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A Mock Is An A Exam

See sense 3 Conrad.Irwin 02:19, 15 January 2008 (UTC)


Added perhaps from Greek μωκός.


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Rfv-sense: to disappoint someone. Seems unrelated to other senses. Nadando 09:47, 3 April 2011 (UTC)

In my experience, with such cases the best chance is to track down who added the sense using the diff function and find out what they intended to mean. If it's an IP, we're screwed as IP addresses change periodically. --Mglovesfun (talk) 15:02, 6 April 2011 (UTC)
Mglovesfun kindly poked me in the direction of this discussion. I can't think of an unambiguous example of that sense, but here are the examples other dictionaries give:
  • Webster 1913 "To disappoint the hopes of; to deceive; to tantalize; as, to mock expectation. Thou hast mocked me, and told me lies. Judg. xvi. 13. He will not ... Mock us with his blest sight, then snatch him hence. Milton."
  • Webster's New Universal "to lead on and disappoint; to deceive; to tantalize; as, the weather mocked him"
  • John Ogilvie's old (1883) Imperial Dictionary "To fool; to tantalize; to play on in contempt; to disappoint; to deceive. 'To mock the expectations of the world.' Shak. Thou hast mocked me and told me lies. Judg. xvi. 10. Why am I mock'd with death, and lengthen'd out To deathless pain? Milton."
  • Writing about the line from Othello "It is the greene-ey'd Monster, which doth mocke The meate it feeds on", Heath says "'Mock' certainly never signifies to loath. Its common signification is, to disappoint."
Both lines from Milton seem like clear examples of "tantalize". The verse from Judges seems to mean "deceive". Collocation with "expectations" may be the best bet to find examples of it being "disappointing", eg 1812, The Critical Review or, Annals of Literature, page 190: The French revolution indeed is a prodigy which has mocked the expectations both of its friends and its foes. It has cruelly disappointed the fondest hopes of the first, nor has it observed that course which the last thought that it would have pursued. — Beobach 06:38, 7 April 2011 (UTC)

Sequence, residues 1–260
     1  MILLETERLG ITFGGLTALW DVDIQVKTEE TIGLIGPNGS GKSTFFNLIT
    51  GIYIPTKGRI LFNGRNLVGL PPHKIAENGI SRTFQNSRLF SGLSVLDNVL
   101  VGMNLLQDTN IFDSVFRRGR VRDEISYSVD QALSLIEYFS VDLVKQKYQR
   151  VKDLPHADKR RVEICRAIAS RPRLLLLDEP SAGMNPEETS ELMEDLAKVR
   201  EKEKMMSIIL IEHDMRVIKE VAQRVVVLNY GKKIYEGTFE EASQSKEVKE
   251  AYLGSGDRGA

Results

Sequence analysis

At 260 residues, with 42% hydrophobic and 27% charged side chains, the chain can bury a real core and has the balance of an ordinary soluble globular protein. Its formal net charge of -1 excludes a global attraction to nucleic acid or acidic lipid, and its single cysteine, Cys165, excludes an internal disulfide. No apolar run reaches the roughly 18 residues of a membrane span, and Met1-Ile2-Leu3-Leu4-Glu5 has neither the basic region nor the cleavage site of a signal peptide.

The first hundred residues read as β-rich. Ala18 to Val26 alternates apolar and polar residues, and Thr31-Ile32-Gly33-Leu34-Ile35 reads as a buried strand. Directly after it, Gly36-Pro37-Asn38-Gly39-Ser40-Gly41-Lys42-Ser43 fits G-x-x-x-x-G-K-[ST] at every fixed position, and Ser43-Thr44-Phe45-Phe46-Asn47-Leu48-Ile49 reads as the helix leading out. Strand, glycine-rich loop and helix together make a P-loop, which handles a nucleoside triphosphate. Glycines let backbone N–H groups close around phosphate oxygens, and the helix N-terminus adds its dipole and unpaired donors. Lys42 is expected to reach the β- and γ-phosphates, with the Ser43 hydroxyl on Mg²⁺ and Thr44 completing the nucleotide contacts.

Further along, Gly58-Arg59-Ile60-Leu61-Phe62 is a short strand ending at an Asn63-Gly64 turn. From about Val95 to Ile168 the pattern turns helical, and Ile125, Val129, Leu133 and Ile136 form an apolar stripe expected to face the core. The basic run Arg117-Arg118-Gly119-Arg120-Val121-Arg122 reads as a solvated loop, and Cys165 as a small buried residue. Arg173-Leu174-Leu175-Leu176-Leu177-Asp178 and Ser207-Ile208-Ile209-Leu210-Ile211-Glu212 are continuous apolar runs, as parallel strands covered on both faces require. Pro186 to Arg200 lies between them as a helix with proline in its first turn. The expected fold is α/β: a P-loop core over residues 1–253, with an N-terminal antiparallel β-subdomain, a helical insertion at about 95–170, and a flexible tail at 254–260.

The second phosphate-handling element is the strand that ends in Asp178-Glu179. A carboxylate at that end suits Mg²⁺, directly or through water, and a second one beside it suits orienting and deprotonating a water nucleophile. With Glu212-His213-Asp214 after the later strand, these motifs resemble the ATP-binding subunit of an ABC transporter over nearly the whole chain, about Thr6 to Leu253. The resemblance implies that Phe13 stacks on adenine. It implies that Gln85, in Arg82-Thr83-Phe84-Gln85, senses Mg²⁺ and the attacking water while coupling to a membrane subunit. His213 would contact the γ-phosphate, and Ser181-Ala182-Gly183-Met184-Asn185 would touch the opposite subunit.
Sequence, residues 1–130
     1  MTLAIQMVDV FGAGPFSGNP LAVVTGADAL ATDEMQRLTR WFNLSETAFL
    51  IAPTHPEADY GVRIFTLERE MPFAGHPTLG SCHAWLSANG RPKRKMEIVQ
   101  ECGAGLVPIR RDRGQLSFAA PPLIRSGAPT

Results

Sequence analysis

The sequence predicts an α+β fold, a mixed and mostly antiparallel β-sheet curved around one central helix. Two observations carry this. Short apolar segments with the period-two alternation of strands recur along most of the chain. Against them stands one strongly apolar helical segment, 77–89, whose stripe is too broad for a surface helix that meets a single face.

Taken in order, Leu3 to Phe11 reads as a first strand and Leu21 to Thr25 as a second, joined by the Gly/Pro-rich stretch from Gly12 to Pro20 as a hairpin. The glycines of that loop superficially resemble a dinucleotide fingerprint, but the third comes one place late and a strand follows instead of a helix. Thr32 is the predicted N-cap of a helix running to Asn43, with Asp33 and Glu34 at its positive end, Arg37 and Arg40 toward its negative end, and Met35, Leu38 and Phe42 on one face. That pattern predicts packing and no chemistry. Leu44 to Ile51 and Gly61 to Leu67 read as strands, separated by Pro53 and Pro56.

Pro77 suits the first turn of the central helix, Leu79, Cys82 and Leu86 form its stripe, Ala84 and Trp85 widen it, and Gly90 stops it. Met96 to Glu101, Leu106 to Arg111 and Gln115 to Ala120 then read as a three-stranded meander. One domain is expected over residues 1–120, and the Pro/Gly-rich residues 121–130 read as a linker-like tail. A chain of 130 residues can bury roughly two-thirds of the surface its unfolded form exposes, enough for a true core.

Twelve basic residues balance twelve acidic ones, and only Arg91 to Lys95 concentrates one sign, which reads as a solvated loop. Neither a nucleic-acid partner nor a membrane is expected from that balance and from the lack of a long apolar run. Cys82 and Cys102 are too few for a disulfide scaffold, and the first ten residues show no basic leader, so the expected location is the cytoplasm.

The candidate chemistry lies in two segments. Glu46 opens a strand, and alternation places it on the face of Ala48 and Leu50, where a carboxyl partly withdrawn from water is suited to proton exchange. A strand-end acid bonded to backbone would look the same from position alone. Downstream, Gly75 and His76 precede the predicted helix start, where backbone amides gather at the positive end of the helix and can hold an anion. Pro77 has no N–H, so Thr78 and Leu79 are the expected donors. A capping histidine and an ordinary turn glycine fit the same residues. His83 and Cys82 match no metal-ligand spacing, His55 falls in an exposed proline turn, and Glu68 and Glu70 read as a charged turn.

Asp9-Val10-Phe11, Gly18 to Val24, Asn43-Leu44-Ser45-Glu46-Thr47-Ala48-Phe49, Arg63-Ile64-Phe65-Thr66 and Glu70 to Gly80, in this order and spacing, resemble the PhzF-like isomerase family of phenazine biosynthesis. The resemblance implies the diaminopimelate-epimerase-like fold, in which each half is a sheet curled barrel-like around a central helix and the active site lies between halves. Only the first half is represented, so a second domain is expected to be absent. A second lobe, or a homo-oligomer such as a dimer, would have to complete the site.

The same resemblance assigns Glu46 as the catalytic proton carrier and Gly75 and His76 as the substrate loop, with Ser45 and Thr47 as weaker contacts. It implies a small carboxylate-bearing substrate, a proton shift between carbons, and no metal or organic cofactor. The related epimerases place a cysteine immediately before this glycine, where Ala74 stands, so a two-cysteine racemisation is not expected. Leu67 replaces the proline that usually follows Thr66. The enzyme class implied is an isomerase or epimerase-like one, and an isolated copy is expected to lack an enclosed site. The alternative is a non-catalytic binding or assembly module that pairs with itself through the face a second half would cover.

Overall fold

• This is definitely what the word used to mean, but it's hard because many of the examples are now interpreted as the modern sense of the word. The OED says this early sense is ‘now largely merged’ into later senses – always quite difficult to deal with. They don't mark it as obsolete, but their last citation is from Hardy's Tess of the d'Urbevilles (so more than 100 years ago): ‘Swayed by the antipathetic wave which warps direct souls with such persistence when once their vision finds itself mocked by appearances.’ Ƿidsiþ 07:47, 8 April 2011 (UTC)
I have added the citations User:Beobach972 mentioned above to the entry. So, cited. - -sche (discuss) 18:17, 2 August 2011 (UTC)
RFV-passed. - -sche (discuss) 07:06, 11 August 2011 (UTC)